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Classic Mix

Is This Love

by Bob Marley & The Wailers

Following the sad passing of Bunny Wailer, I was inspired to revisit this classic song, the opening track (and my personal favourite) from Legend, the best-selling reggae album of all time. It’s a song that has so seeped its way into the common unconscious that it’s easy to overlook how odd its structure is. Now, if I asked you to sing the song’s main hook, you could probably do it easily. But did you realise that the hook section only appears twice in the whole song? And that it occupies only about an eighth of the song’s total running time? The main ‘verse’ material, on the other hand, occupies more than 50% of the timeline, including the entire ending of the song. If I suggested writing that kind of structure to most musicians, I’d probably be laughed out of court!

Then there’s the verse’s unusual 19-bar section length. Again, let’s say I asked you to go write a 19-bar verse, how would you go about it? Well, I reckon most people would start off with one or two four-bar sections to get a bit of momentum going, before launching into some kind of phrase-extension technique – indeed, there are plenty of well-known songs that take that kind of approach. But what Marley does here is sneak in a three-bar mini-phrase right at the outset, and only then heads into a traditional quartet of four-bar phrases. And, if you’re anything like me, you’d never consciously noticed anything weird going on until you started counting the bars, which makes this my favourite type of structural sleight of hand! (If you fancy another corking example of this kind of thing, try The Beatles’s 'Yesterday'.)

The harmony’s interesting too, because although the song starts and ends on F# minor, which most people would probably agree is the home key, there’s also a strong pull towards A major, effectively trying to recast the return to the F#m chord each time as something like a V-vi cadence interruption. The main verse pattern, for instance, gives us the pattern F#m-D-A-E/G#, where the D-A progression sounds harmonically far more purposeful than the E/G#-Fm progression that ushers in each new four-bar section. And the section “I am willing and able / So I throw my cards on your table” is even more persuasive, ending as it does with the powerful downwards sequence E-D-C#m-Bm that seems destined to settle on A for the start of the next song section. But instead, the bass drops its downbeat note (the only time this happens in the song) and sidles back to F#m for the following verse section. And in a sense, by striving for the major key, but never quite reaching it, the harmony could be seen as underlining the inherent uncertainty of the title hook. Is this love that I’m feeling?

I’d also rank this as one pop music’s greatest ever bass parts, and so important melodically that the song might as well be billed as a duet between Marley and bassist Aston Barrett. The prominent hemiola built into each round of the verse pattern is an arrangement masterstroke, and I’d argue that its foreshadowing of the song’s hook rhythm is an important part of what makes the hook stick in the memory far better than such a seldom-appearing part has any right to. But my favourite moment is just before that verse hemiola, where Barrett anticipates the fourth bar’s harmony by solidly plonking his A root note a beat early, on the last beat of bar three. Like so many things in this song, it’s something you’d not normally consider doing (anticipating a forthcoming chord’s root note in the bass often risks weakening that chord’s sense of arrival), but here it works beautifully and naturally, as if it couldn’t have been any other way!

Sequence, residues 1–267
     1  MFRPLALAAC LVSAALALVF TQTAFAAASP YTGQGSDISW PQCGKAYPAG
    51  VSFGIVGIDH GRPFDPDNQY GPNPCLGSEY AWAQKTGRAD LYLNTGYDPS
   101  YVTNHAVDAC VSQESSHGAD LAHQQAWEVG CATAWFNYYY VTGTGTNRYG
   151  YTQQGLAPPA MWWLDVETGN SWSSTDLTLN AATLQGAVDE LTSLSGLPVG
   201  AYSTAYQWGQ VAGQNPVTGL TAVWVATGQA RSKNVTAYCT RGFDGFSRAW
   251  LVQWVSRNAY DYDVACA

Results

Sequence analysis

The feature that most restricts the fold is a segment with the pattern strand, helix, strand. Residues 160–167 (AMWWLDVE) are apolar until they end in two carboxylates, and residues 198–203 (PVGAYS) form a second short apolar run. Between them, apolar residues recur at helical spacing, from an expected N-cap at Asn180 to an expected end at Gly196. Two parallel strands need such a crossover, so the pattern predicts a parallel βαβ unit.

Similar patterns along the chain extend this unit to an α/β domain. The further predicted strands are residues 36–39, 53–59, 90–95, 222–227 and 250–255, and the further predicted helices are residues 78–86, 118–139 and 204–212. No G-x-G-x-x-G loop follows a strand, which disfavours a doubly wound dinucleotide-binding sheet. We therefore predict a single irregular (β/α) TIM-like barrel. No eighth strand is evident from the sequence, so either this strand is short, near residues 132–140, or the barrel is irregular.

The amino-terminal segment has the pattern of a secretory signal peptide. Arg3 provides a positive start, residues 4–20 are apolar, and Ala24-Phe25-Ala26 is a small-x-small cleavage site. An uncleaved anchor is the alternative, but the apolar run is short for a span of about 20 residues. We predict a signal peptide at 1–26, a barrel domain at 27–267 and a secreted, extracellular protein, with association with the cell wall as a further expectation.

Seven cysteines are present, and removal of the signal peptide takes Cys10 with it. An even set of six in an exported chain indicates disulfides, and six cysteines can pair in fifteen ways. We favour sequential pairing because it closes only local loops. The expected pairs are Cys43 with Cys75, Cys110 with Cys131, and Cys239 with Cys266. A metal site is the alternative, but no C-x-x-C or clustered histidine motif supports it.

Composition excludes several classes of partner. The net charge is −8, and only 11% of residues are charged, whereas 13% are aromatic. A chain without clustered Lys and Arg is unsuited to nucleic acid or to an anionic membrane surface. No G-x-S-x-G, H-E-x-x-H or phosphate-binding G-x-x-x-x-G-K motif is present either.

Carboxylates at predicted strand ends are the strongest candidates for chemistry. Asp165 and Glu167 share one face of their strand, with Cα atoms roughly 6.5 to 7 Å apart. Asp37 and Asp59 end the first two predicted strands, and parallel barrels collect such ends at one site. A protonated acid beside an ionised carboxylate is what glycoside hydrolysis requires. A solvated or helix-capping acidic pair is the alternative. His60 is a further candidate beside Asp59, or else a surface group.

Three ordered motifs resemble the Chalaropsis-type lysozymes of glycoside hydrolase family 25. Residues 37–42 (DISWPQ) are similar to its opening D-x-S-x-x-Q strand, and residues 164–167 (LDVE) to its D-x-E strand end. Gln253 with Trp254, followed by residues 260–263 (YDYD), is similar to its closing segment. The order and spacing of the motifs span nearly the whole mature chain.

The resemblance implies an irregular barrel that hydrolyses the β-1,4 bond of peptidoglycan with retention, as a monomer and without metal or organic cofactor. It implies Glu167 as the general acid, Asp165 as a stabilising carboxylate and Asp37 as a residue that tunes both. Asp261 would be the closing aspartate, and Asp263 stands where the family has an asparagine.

Now if I’ve piqued your interest enough to relisten to the song for yourself, do be aware that there are, as seems depressingly common with classic tracks these days, a few ‘new and improved’ versions of this reggae anthem doing the rounds. The one that most caught my attention was Stephen Marley’s new mix of ‘the original session recordings’ on 2018’s Kaya 40 where the timing of the percussion parts has clearly been tampered with. Compare, for instance, the downbeat of the seventh bar of the Kaya 40 version (around 0:11) with the corresponding downbeat on 2013’s Kaya remaster (at 0:13) or 2002’s Legend compilation rerelease (at 0:14). You’ll notice that the woodblock sound in the left channel feels obviously later on Kaya 40. In fact, it sounds like the percussion on both sides of the panorama is lagging in general compared with the drums.

There is so much wrong with this! First of all, I was under the impression that the rhythmic groove was absolutely fundamental to a reggae performance, so this ‘remix’ isn’t just an attempt to spruce up the sonics – it’s messing with the very core of the music’s appeal, and for no discernable (or indeed defensible) aesthetic reason. And even if it were an honest mistake (hey, who hasn’t accidentally nudged an audio file along the timeline in the heat of a mixing session?), then what does it say about quality-control standards during the production and mastering process that no-one flagged it up? But what’s even more disturbing is that, comparing the files more closely, I’m not convinced that it’s just a simple offset we’re hearing here, which leaves open the possibility that the timing changes might actually have been a deliberate act of vandalism on this piece of audio heritage.

So, in a nutshell, steer clear of the Kaya 40 version… In fact, I’m not a huge fan of the 2013 remaster, either, which slaps on a big smile curve, recessing a load of the important musical detail in the midrange. Personally, I’d stick with the Legend compilation, either in its original 1984 form, or the later 2002 remaster.

Oh, and one little fun fact to finish with – amongst the children in this song’s official video is, apparently, a seven-year-old Naomi Campbell…